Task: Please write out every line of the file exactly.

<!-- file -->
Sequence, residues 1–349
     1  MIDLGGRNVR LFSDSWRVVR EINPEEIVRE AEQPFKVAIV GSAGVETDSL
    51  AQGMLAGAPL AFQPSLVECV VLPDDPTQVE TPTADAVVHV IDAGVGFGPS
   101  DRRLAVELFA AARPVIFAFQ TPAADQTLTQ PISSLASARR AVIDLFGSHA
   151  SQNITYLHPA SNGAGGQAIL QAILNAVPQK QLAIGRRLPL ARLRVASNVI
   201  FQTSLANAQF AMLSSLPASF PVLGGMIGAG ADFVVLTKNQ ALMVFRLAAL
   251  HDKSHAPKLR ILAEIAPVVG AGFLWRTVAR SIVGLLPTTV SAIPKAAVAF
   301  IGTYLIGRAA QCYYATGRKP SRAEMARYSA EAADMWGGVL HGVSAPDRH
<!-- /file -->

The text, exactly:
Sequence, residues 1–349
     1  MIDLGGRNVR LFSDSWRVVR EINPEEIVRE AEQPFKVAIV GSAGVETDSL
    51  AQGMLAGAPL AFQPSLVECV VLPDDPTQVE TPTADAVVHV IDAGVGFGPS
   101  DRRLAVELFA AARPVIFAFQ TPAADQTLTQ PISSLASARR AVIDLFGSHA
   151  SQNITYLHPA SNGAGGQAIL QAILNAVPQK QLAIGRRLPL ARLRVASNVI
   201  FQTSLANAQF AMLSSLPASF PVLGGMIGAG ADFVVLTKNQ ALMVFRLAAL
   251  HDKSHAPKLR ILAEIAPVVG AGFLWRTVAR SIVGLLPTTV SAIPKAAVAF
   301  IGTYLIGRAA QCYYATGRKP SRAEMARYSA EAADMWGGVL HGVSAPDRH